Sanofi and Regeneron Pharmaceuticals announced Thursday that a phase 3 trial of their rheumatoid arthritis drug Kevzara (sarilumab) 400 mg in COVID-19 patients requiring mechanical ventilation did not meet its primary and key secondary endpoints when the IL-6 receptor antibody was added to best supportive care, versus best supportive care alone. Following on the results, the US-based trial has been stopped, including in a second cohort of patients who received the higher 800-mg dose.
The news comes after Sanofi and Regeneron reported in April that the Phase II portion of the trial testing Kevzara at the 200-mg and 400-mg doses showed it had “no notable benefit” on clinical outcomes versus placebo in hospitalised coronavirus patients with severe or critical respiratory illness. At the time, the companies indicated that based on those results, the study would be amended so that only critical patients continued to be enrolled, and that these would receive the 400-mg dose or placebo.
The new analysis focused on a group of 194 critically ill COVID-19 patients on mechanical ventilation at the time of enrolment. The primary endpoint assessed the percentage of those who achieved at least a 1-point change from baseline on a 7-point patient-status scale that ranged from death to discharge from hospital. A second cohort, which was partially recruited with 27 subjects, compared Kevzara 800 mg versus placebo.
Minor positive trends
Sanofi and Regeneron said that while “minor positive trends” were seen in the primary analysis group receiving the 400-mg dose, these did not reach statistical significance and were “countered by negative trends” in a subgroup of critical patients who were not intubated at baseline. Further, adverse events were experienced by 80% of Kevzara patients and 77% of placebo patients. Among the serious adverse events that occurred more frequently among Kevzara-treated patients were multi-organ dysfunction syndrome, which occurred at rates of 6% for Kevzara versus 5% for placebo, and hypotension, which occurred at rates of 4% and 3%, respectively. Detailed findings will be submitted to a peer-reviewed publication later this year.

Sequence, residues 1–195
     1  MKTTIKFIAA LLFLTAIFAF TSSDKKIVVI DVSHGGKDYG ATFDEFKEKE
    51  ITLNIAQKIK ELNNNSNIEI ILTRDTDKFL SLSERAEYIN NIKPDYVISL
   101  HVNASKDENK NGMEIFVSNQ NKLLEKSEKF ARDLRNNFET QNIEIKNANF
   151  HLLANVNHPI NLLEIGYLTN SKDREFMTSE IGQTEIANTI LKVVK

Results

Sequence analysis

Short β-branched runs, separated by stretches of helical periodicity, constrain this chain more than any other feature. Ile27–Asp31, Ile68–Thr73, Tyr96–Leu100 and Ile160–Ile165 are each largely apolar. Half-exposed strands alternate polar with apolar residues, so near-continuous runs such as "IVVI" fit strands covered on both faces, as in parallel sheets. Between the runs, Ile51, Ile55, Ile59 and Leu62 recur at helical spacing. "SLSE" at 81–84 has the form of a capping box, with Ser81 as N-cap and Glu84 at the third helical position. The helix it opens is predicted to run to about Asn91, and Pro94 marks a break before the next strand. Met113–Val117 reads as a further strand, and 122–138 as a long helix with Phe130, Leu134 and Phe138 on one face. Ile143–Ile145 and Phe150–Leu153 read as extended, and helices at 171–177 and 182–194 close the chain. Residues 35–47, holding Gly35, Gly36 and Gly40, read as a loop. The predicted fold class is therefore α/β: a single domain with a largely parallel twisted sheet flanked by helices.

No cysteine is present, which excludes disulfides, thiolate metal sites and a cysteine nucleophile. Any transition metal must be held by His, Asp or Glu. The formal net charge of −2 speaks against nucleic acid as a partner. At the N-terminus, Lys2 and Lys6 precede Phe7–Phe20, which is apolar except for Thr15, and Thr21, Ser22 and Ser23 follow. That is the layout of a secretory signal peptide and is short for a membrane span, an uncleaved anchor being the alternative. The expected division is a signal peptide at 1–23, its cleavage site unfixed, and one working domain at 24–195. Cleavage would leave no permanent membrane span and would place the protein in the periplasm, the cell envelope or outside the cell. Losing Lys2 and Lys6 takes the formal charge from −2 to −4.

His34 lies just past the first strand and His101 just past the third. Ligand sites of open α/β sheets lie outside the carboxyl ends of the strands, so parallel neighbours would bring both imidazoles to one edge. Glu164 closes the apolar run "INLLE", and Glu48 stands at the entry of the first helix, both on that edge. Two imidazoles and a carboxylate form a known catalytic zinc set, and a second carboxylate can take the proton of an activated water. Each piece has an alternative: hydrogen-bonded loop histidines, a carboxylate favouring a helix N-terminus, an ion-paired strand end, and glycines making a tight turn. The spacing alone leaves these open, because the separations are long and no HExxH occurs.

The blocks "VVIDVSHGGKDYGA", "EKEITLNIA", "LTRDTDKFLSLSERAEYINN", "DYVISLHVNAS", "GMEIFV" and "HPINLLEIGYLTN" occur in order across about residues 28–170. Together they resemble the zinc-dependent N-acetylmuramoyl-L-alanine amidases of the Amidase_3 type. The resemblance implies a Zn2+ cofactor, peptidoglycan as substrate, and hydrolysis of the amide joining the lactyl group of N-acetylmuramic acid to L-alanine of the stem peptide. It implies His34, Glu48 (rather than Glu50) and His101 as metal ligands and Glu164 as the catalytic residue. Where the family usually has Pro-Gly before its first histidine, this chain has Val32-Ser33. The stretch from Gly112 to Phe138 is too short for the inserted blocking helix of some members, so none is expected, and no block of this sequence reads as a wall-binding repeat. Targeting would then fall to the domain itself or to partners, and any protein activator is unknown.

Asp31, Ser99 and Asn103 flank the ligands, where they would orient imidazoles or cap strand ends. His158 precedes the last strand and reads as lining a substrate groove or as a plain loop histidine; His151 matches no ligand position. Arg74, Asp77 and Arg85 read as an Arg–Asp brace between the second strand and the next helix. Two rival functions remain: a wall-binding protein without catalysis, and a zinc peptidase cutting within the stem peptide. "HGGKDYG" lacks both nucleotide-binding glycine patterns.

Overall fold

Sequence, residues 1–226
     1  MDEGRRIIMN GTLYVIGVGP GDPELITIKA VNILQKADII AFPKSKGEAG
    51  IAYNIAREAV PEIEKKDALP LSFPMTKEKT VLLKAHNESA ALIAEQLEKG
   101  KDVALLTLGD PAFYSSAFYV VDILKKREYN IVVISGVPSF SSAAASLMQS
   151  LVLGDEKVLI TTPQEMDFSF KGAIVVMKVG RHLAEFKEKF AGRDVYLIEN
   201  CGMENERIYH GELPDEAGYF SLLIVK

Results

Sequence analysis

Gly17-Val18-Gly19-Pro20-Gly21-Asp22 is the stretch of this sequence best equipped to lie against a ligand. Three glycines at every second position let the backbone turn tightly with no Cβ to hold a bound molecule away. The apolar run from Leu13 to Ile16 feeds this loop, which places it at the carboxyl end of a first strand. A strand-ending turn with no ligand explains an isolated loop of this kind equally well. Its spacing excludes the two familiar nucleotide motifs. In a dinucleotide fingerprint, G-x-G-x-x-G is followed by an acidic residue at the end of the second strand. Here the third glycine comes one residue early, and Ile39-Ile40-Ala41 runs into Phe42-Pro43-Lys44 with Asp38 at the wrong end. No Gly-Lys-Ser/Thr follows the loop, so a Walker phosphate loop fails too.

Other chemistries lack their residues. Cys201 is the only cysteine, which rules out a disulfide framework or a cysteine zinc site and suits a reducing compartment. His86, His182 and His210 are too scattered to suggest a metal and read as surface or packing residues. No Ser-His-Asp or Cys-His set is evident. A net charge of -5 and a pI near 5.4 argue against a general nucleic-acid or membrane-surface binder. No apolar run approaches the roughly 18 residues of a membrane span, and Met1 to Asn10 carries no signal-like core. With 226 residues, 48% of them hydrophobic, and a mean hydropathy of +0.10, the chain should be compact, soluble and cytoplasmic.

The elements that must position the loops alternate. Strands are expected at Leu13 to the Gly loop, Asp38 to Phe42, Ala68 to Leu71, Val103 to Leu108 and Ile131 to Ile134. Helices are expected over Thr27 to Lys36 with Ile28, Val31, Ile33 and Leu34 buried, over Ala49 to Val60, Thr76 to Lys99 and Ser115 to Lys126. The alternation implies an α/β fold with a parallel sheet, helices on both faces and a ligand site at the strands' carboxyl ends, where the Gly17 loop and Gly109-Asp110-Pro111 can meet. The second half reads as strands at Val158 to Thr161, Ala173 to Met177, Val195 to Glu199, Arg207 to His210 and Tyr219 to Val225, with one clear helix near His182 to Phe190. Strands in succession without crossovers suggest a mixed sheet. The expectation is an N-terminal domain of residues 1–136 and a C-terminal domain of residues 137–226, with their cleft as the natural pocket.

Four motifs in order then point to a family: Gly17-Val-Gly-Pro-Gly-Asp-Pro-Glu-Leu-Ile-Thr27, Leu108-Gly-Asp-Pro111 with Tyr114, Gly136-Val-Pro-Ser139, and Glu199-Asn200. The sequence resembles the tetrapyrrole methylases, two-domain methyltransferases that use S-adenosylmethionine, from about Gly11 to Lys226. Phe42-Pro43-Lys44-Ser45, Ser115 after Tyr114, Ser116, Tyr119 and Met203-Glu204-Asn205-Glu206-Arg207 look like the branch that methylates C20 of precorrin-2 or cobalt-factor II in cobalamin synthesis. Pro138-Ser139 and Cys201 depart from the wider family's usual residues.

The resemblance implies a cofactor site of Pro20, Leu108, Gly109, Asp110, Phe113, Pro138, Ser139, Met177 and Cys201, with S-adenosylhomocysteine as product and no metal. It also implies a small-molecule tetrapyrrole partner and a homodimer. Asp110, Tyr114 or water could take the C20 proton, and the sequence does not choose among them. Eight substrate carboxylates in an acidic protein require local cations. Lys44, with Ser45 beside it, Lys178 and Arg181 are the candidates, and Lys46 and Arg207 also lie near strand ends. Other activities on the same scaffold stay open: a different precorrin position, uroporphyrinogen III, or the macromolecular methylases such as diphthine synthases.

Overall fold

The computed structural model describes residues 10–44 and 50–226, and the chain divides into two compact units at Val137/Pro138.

Meanwhile, a separate Sanofi-led trial outside the US in hospitalised patients with severe and critical COVID-19 using a different dosing regimen is ongoing on the recommendation of the same independent data monitoring committee overseeing the Regeneron-led US trial. The companies expect to report results in the third quarter.
Inhibiting IL-6 pathway
Sanofi and Regeneron explained that the Kevzara trial was designed after a small single-arm study in China of mostly severe, febrile hospitalised COVID-19 patients found elevated IL-6 levels and suggested that inhibiting this pathway with Roche’s anti-IL-6 receptor biologic Actemra/RoActemra (tocilizumab) rapidly reduced fever and improved oxygenation in severe cases.
In March, Roche launched the Phase III COVACTA trial testing Actemra/RoActemra plus standard of care in hospitalised adults with severe COVID-19 pneumonia, compared to placebo plus standard of care. It later announced a collaboration with Gilead Sciences to evaluate combining Actemra/RoActemra with remdesivir in the REMDACTA study.